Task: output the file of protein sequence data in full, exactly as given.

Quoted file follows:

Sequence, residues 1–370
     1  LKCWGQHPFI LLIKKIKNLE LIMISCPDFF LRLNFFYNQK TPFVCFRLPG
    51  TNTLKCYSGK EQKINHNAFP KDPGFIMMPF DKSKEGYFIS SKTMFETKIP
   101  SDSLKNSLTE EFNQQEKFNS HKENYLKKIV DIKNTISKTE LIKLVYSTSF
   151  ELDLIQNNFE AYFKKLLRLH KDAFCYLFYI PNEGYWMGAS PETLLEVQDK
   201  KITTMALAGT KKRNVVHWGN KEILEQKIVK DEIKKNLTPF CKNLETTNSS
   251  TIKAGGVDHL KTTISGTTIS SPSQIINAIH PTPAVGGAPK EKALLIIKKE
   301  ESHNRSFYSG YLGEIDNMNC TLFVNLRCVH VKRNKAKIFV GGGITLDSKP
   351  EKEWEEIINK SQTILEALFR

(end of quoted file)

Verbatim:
Sequence, residues 1–370
     1  LKCWGQHPFI LLIKKIKNLE LIMISCPDFF LRLNFFYNQK TPFVCFRLPG
    51  TNTLKCYSGK EQKINHNAFP KDPGFIMMPF DKSKEGYFIS SKTMFETKIP
   101  SDSLKNSLTE EFNQQEKFNS HKENYLKKIV DIKNTISKTE LIKLVYSTSF
   151  ELDLIQNNFE AYFKKLLRLH KDAFCYLFYI PNEGYWMGAS PETLLEVQDK
   201  KITTMALAGT KKRNVVHWGN KEILEQKIVK DEIKKNLTPF CKNLETTNSS
   251  TIKAGGVDHL KTTISGTTIS SPSQIINAIH PTPAVGGAPK EKALLIIKKE
   301  ESHNRSFYSG YLGEIDNMNC TLFVNLRCVH VKRNKAKIFV GGGITLDSKP
   351  EKEWEEIINK SQTILEALFR